At thy right hand there are pleasures for evermore (Ps. 16: 11)
He that covereth his sins shall not prosper:Proverbs 28:13
But whoso confesseth and forsaketh them shall have mercy
One of the basic questions of practical religion is the matter of covering sin. We all acknowledge that sin must be covered, and so the question relates to who is authorized to do it. Related to this is the question of who can do it effectively.
This proverb starts by saying that a man ought not to cover [his own] sin. In other words, this kind of covering is actually a covering up. If a man does this, his sins are hidden, not dealt with, and this will keep him from prospering. What he has done is to get tangled up in the sins that so easily entangle us (Heb. 12:1).
When you sweep sins under the carpet, the end result is a lumpy carpet. But in the second half of the proverb, the sinner is promised mercy. But what is mercy but the effectual covering of sin? The path to this desired result is the path of confession and forsaking. In other words, an honest and open acknowledgement of sin is the confession, and the forsaking of sin, turning away from it, abandoning it, is what we call repentance. So when a man is honest about what he has done, and when he walks away from it in repentance, the Lord promises mercy. That which is exposed is thereby covered. But when we try to cover things ourselves, we do not prosper, and our folly will be exposed.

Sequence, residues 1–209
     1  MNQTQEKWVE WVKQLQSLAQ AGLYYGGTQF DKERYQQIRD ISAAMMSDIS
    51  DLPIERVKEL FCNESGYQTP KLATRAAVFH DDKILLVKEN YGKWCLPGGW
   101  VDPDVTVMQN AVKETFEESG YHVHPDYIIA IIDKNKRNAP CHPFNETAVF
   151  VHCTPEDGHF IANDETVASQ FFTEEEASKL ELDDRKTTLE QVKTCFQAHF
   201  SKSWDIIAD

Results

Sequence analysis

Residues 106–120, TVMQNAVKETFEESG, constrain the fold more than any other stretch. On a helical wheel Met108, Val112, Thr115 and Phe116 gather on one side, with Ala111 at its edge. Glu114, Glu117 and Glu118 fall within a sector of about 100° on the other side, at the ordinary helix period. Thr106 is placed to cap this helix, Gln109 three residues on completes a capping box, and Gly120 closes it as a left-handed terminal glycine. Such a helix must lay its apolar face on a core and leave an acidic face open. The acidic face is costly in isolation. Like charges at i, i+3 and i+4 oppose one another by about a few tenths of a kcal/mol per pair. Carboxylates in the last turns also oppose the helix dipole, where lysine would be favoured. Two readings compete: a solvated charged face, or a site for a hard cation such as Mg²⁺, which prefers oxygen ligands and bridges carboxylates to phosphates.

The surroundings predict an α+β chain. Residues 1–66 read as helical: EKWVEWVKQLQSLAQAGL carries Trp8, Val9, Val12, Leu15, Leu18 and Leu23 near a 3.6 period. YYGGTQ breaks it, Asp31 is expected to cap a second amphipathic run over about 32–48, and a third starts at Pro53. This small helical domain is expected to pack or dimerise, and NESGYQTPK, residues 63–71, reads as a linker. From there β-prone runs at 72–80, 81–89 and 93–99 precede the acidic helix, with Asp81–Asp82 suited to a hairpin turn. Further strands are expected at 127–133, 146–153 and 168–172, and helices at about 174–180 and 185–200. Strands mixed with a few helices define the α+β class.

All this relates to what the New Testament teaches us in a similar vein. “If we confess our sins, he is faithful and just to forgive us our sins, and to cleanse us from all unrighteousness” (1 John 1:9). Confession means that we are to say the same thing about our sins that God says about them. We must not try to cover our sins through a clever renaming of them—where adultery is called indiscretion, where a bad temper is called passionate, where cold anger is called parental firmness, and so on.
Prospering is in the hand of God, as is mercy, and we should always remember that He is the ones who sees everything.